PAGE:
•Tuesday, November 22
This morning Steve picked us up at 7:15 a.m. to go the 2 blocks to the airport. This time we flew ERA instead of Alaska Airlines. We met the guidance counselor from Anatuk and he’d been at the conference that Vanni was supposed to have gone to last Saturday. Dave had attended a pre-conference and a post-conference connected to the counselors’ convention and just came into Barrow last night, stayed at a Bed & Breakfast, and was going home today. He had lived in Minnesota near Nashua and gone to UM for his counselor’s degree. His wife and 3 daughters live on the Slope, and his children are the only non-natives in their school.
They called for the plane about 8:10, but it wasn’t making a triangular flight today, just doing to Anatuk with about 6 or 8 passengers. We were the only 2 passengers on the flight to Wainwright at 8:30. It was about a 12-seater, and the pilot asked us to sit in the front, across the aisle from the boxes of groceries they were hauling to Wainwright. It was just a half hour flight. When we arrived, they loaded the cargo into the back of a pickup while another truck shown its lights on the plane to provide light to unload. There was another guy with a pickup, and he gave us a ride into the hotel. There was no terminal building, and we walked down the steps of the plane onto the runway.
The guy dropped us at the hotel and we were given room 3 (there are 12 total). The rooms are upstairs over the restaurant. All are operated by the Olgoonik native corporation. After getting settled, about 10:30 a.m. we went across the street to the corporation store. The store manager Joseph called Carl’s Army buddy Terry Tagarook on his cell phone, and Carl talked to him. Terry said he would stop by when he was done getting ready for the feast on Thanksgiving. (I assume that meant going into the ice cellar to bring up the whale blubber to share.) Then we walked down the street about a block to the Alak School. Vanni had e-mailed them that we were coming, and everyone was very friendly and welcoming.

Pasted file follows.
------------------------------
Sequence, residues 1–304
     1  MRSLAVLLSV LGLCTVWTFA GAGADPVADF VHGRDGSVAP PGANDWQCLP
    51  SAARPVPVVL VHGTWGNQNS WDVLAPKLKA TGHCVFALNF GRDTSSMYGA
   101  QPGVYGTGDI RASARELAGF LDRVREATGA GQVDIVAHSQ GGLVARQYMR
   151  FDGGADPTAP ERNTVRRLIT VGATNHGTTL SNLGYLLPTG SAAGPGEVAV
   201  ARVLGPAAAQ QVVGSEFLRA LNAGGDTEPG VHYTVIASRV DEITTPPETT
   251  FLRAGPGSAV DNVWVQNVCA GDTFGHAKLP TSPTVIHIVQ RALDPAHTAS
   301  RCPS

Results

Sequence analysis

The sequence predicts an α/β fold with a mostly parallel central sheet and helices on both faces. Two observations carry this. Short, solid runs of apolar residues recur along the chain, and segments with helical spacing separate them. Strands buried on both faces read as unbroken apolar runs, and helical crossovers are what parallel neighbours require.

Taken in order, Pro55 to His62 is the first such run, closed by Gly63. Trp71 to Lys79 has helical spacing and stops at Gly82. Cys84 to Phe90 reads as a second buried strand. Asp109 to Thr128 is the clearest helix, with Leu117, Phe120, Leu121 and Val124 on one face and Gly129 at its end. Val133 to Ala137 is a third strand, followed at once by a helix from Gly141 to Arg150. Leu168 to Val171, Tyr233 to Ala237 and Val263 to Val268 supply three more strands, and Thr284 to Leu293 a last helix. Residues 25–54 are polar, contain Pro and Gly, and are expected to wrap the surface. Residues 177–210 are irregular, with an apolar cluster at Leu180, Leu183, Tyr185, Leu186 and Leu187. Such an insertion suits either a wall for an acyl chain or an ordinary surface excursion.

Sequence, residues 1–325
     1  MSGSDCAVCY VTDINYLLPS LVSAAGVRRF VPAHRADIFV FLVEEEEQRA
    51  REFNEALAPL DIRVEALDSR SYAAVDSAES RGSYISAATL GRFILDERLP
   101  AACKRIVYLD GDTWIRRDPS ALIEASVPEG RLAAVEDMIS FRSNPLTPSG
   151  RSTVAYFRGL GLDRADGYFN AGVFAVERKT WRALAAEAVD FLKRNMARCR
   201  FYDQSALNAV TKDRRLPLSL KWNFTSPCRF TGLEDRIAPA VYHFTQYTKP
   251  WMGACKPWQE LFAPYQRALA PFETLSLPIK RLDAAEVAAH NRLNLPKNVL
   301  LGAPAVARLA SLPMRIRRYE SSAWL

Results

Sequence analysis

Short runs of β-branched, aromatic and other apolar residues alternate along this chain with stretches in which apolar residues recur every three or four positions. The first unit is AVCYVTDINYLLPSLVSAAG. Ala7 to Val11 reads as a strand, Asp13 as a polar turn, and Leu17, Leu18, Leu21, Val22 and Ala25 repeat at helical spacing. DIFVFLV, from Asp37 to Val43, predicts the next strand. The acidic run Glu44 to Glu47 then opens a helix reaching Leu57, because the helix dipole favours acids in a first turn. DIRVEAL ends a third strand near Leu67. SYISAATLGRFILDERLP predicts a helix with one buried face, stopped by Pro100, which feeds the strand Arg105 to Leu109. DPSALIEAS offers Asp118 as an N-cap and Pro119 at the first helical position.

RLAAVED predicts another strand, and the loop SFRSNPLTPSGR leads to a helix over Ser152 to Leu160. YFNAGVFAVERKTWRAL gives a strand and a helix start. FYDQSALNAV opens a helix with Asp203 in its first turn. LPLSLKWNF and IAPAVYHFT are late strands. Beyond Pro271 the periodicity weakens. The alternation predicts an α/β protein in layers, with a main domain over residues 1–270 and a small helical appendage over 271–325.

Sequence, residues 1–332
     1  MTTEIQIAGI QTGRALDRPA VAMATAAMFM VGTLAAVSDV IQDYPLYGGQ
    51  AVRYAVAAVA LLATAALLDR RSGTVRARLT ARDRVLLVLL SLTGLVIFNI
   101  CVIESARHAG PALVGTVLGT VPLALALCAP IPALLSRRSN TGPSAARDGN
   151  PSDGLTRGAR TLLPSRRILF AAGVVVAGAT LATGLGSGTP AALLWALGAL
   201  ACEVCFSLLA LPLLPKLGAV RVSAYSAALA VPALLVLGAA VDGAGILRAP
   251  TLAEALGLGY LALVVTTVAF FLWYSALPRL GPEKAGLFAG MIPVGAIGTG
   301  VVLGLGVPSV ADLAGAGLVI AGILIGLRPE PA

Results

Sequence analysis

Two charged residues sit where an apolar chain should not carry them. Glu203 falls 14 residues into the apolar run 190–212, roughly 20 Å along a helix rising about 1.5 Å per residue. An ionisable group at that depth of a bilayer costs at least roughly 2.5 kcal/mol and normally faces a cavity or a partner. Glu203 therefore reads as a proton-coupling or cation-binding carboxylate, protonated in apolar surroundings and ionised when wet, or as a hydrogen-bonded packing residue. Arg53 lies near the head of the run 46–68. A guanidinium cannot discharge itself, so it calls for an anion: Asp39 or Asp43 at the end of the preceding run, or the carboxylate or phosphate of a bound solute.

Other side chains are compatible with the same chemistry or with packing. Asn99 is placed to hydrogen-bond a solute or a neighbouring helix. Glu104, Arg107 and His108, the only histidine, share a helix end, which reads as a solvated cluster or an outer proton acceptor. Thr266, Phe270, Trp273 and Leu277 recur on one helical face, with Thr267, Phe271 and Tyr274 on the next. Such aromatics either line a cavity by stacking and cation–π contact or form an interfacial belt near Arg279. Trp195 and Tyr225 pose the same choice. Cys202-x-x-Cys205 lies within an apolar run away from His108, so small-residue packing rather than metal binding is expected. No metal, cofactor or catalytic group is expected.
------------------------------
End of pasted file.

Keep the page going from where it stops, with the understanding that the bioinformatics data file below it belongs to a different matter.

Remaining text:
The assistant principal took us into her office and then gave us a tour of the building, introducing us to the high school social studies teacher and English teacher. The assistant principal is Aleut and came from St. Lawrence Island. Her husband is a retired principal and just came up from their home in Anchorage for a visit. He is going to Point Lay next week as interim principal for a couple of weeks. The assistant principal is in her second year here.
Then we visited with the principal Herman Gervig. He is from Montana and this is his first year here. The school has about 180 students in the building from 3-4 preschool through high school. All of the students are Inupiat. Most of the teachers are white, but the 3rd and 4th graders were in a computer lab with headphones learning the Inupiat language and their teacher is a Wainwright native.
About 11:45 we went to the cafeteria for lunch. They have a meal program for the elders to eat for $3.00, kind of like at the senior citizens center at home. One of the gentlemen told us he was the one who had driven us into town from the airport. We had popcorn chicken, cooked carrots, potato wedges, an apple, and milk.The teachers came in around noon, and we visited with the English teacher, social studies teacher, and special ed teacher. Carl made arrangements to come to the second hour social studies teacher’ class tomorrow to show is Vietnam slides. They all mentioned that Vanni had e-mailed that we were coming.
After lunch we came back to the hotel for a nap. It was light about 11 a.m. and the sun was down by 3:30 p.m. The sun no longer rises above the horizon so the sky just seems to get lighten. Here at the hotel I had the special for supper. It was chicken and shrimp curry served over rice with a bowl of mixed vegetables. Carl had a hamburger steak with mashed potatoes and gravy and mixed vegetables. They just write our purchases down on an invoice. Pop is only $1.50.
We’re still waiting for Terry Tagarook, Carl’s Army buddy, to stop by. We have been in Alaska a week now. Oh, when we arrived in Wainwright, several people warned us that wolves have been sighted in town. There was a confirmed case of rabies, so all dogs have to be tied up.